Posted January 10, 2019, 1:39 pm CST
A former judge in Galveston County, Texas, has been sentenced to six years in prison for posting fake ads for sex using photos and phone numbers of two former girlfriends.
Christopher Dupuy had used the name “Don Tequila” to buy the ads. He was sentenced on Wednesday for two counts of online impersonation after jurors found guilt earlier in the day, report the Houston Chronicle and the Galveston County Daily News.
Dupuy was sentenced to six years in prison on each count, to run concurrently.
The ads, posted in late 2014, had included language like “very fetish friendly,” according to the Houston Press.
It’s not Dupuy’s first run-in with the law.
Dupuy was elected to the bench in 2010 when he ran against the judge handling his divorce case, according to prior coverage by the Houston Chronicle. He resigned in 2013 after he was charged with lying under oath and abuse of office. He pleaded guilty to misdemeanor charges in that case and was sentenced to two years of deferred adjudication.
The State Commission on Judicial Conduct reprimanded Dupuy in 2014, saying he bullied and retaliated against four attorneys who filed complaints against him, according to another Houston Chronicle story. The commission also said Dupuy lied under oath about owning a silencer during child custody hearings with his ex-wife, and harassed and bullied county officials, according to the Houston Press.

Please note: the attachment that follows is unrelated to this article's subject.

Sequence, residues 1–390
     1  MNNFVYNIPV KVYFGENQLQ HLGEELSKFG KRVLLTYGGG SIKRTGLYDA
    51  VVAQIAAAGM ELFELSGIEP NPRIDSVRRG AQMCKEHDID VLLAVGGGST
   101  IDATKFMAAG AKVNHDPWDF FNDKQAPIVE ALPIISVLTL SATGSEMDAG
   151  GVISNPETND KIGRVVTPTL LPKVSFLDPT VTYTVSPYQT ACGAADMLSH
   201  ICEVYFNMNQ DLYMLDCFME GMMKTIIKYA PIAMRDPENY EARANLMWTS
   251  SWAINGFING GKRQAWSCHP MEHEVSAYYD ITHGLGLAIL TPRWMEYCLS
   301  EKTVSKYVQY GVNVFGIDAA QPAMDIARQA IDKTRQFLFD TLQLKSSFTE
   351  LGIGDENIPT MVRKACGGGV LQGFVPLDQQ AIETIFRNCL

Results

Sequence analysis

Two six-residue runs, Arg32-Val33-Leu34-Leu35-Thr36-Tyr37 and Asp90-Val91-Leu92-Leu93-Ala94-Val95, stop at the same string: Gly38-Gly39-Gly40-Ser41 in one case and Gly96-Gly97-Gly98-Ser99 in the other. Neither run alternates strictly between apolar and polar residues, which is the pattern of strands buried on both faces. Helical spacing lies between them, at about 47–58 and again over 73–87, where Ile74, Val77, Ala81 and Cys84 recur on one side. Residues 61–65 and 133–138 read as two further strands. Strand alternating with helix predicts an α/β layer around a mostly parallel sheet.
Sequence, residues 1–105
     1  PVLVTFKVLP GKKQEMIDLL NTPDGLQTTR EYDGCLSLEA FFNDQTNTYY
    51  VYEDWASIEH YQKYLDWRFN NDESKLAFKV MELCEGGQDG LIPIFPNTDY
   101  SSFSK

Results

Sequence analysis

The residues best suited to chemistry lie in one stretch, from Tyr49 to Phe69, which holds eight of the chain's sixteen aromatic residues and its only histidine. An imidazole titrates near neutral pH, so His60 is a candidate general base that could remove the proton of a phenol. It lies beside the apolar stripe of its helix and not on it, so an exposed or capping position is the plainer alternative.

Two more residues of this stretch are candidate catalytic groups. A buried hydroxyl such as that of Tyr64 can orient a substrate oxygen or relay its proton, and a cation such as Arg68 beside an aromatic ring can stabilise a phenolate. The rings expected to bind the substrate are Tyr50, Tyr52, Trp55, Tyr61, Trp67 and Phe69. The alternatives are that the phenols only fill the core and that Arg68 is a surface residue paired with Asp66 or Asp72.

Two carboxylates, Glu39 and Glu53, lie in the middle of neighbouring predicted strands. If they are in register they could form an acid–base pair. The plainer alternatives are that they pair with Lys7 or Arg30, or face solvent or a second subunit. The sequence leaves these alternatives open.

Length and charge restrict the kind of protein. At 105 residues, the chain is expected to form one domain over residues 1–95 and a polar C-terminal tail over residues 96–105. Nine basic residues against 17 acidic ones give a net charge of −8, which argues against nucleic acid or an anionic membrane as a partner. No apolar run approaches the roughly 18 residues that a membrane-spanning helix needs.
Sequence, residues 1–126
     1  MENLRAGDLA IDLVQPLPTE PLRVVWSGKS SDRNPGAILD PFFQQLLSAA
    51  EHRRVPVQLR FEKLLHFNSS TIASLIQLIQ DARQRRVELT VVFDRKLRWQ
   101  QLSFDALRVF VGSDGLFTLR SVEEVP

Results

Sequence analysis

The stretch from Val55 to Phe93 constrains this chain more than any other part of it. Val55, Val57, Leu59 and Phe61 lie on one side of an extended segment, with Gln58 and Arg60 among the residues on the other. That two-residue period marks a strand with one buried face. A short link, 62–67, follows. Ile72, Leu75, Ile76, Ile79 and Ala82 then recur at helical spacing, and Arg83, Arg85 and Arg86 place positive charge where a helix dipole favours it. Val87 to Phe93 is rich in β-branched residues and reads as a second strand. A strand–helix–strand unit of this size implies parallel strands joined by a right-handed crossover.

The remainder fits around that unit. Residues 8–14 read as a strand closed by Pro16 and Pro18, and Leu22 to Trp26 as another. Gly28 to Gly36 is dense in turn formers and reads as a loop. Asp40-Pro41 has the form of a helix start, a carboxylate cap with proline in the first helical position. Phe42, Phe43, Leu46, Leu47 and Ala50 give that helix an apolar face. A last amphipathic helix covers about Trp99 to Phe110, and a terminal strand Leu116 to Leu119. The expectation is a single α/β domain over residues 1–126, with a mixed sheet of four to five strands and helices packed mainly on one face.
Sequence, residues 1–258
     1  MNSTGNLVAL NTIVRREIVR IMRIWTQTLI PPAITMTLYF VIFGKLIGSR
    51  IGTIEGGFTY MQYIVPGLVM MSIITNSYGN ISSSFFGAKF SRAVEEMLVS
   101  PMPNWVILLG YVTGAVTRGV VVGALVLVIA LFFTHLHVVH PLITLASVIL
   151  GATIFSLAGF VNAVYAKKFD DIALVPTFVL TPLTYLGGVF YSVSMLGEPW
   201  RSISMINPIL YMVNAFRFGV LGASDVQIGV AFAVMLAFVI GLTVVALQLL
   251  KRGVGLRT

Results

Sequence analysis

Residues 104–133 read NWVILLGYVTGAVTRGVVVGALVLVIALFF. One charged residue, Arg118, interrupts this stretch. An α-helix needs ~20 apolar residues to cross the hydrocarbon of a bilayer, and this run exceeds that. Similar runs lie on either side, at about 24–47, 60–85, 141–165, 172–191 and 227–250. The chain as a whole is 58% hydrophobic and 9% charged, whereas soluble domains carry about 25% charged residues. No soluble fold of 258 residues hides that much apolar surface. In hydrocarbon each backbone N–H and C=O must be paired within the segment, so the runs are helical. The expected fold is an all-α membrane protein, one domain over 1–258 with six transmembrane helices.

Dupuy had been jailed for 11 months after the online impersonation charges were filed in 2015. He was released after a Galveston County judge ruled in 2016 that the online impersonation statute was unconstitutionally overbroad.
The lawyer who sprung Dupuy from jail, Mark Bennett, had argued that using another person’s persona is a long-held tradition. He pointed to comedians such as Chevy Chase, who played President Gerald Ford on Saturday Night Live. When someone uses another person’s identity to cause harm, the proper remedy is a defamation suit, he said.
A Texas appeals court reversed in August 2017, citing an appeals court decision reached a few months after the trial judge ruled. The prior appellate decision, Stubbs v. State, had held that the statute “was not facially overbroad.”
Dupuy had resigned his law license in January 2017. The online harassment case was reopened against Dupuy a year later.
Police found Dupuy hiding in an attic when they arrested him in August 2018 after receiving a complaint from another woman. She alleged that Dupuy had threatened to kill her and called her 200 times in one night. That case is pending.
Prosecutor Adam Poole told the Houston Chronicle that the conviction closes another chapter in the saga.
“It’s just been a really long time in coming, but hopefully he is done with Galveston County now,” Poole said.
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